Amusing sideshows to the SoBig - Blaster circus.
I love the smell of computer virus in the morning. It smells like opportunity!
But not victory.
Opportunity in the sense that it gives me an opening to heckle anti-virus services over another idiot's 'solution': a notification that a forged message not from you contained a virus.
"The e-mail message you sent to [[email protected]] contained the virus SoBig.F."
How helpful! A security feature, designed by someone who knew computer viruses forge addresses, which adds to the deluge hitting the mailbox. So, if by some freak of nature you weren't getting enough copies of SoBig to entertain you, you had bounce messages caused by a dimwitted geek's plan to stop it taking up the slack.
For Microsoft, last week also meant opportunity.
Blaster opened the door for an advertising campaign which admonished us to "install antivirus software and ensure it's up-to-date" and "use [Windows Update] to get and keep your PC up-to-date".
Since it came in the newspaper, you could read it while SoBig was keeping your mailbox up-to-date with 300 copies of itself. Newspapers, you know, are updated every day, and only on Sundays do they come with lots of extra crap - like coupons - that fall out on the floor and make a mess.
Microsoft repeated the ad, too, so you were sure not to miss it. But now it only looked forlorn, still mentioning Blaster while 350 copies of that other "biggest e-mail virus of all time" were... well, you know the routine.
Memo to Microsoft: stop all ads of this nature. Since they are not "updating" the masses in any productive way, persistence will create the impression you're cynics using the opportunity for largely cosmetic purposes.
Look, Windows Update, as a winning strategy, is a failure. Don't stay in denial about it and nurse your neurosis. Realise the train has left the station.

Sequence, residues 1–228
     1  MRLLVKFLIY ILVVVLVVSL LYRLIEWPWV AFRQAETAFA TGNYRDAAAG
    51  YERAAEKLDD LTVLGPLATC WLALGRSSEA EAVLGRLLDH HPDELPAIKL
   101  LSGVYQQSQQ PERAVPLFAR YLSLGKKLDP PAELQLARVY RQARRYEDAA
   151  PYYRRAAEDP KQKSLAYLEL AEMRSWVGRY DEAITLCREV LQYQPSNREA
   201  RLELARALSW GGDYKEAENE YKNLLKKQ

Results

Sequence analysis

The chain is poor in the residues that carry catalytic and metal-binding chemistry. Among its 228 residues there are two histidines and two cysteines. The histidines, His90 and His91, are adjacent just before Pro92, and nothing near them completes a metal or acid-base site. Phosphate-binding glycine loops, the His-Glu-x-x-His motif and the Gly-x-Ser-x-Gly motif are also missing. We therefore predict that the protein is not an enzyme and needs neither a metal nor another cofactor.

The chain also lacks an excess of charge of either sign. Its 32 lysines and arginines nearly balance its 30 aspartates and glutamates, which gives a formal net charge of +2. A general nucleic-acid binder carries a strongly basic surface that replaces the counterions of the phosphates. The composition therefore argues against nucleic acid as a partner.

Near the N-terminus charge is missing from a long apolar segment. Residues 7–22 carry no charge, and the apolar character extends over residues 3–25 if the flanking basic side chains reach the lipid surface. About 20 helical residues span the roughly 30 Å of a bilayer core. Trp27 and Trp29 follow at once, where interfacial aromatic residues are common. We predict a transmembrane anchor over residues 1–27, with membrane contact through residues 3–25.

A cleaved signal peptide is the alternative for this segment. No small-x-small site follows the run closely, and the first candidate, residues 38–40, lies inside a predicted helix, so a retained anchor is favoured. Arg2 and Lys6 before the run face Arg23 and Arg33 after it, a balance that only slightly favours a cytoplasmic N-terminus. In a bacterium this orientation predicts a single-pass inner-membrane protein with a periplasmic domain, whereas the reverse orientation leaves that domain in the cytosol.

Dear Trustworthy Bill and lieutenants, here's what you can do to rid yourself of the enthusiasm for Windows Update and build a wee bit of good will with users on the side.
Offer cash money incentives every time someone uses Update. And when an Update doesn't take or breaks something, use PayPal to disburse funds from you to Windows Updaters. Price it like the stuff on Redpaper - a dime, 15 cents, a quarter, half-a-buck, maybe even a few bucks sometimes. Work it out.
Not everyone will bang at your door for micropayments but, trust me on this, you'll get sick of Windows Update fast and, who knows, maybe it will incentivise less mistakes. In any case, it will generate lots of free publicity. I can see the headline: "Microsoft to pay for errors!"
"In a breathtaking new cybersecurity plan, Microsoft has unveiled..."
And while we're continuing on the thread of computer viruses and the smell of opportunity, let's consider the Nachi virus guy.
Another pal of computer-using mankind, a Samaritan so outraged over the rampage of Blaster he unleashed a 'good' virus to beat it into submission.
Someone who thought he was godly, someone of such intellectual power he could rush-produce a cure that would never cause a bit of trouble on millions of computers worldwide.
Microsoft must hire him at once! We are saved! Or maybe not, because "a company in Japan, where Nachi was spreading quickly, reported that its network crashed," according to the newspaper.
Here's the alternative thought on the subject: The Nachi guy smelled computer virus in the morning and took the Blaster opportunity. Itching to release a virus, Blaster was a convenience for the Nachi writer.
Do you think the 'good virus' plea would make a good legal strategy?
"Judge, I am sorry for crashing networks. I made a mistake in planning my good virus tool. I am guilty only of incompetence and a desire to help people."
Take note, it could be the germ of an idea.
Finally, a word from the troops overseas. (But first a moment to delete one hundred copies of SoBig from the mailbox.)
On station at a sprawling airbase near the Great Ziggurat of Ur in Iraq, my geek friend sends a postcard, not an e-mail. There's no Blaster, no SoBig yet - just the desert.
"It is so hot, our pens leak."
Writing fast as the dust blows by, "Actual conversation yesterday ... 'Got any useful skills?'" [From the CO.]
"Just computers, I'm a nerd." The CO rolled his eyes.
"Know this - computer security doesn't mean squat in a sandstorm." ®
George Smith is a Senior Fellow at GlobalSecurity.org, a defense affairs think tank and public information group. He also edits the Crypt Newsletter and has written extensively on viruses, the genesis of techno-legends and the impact of both on society.
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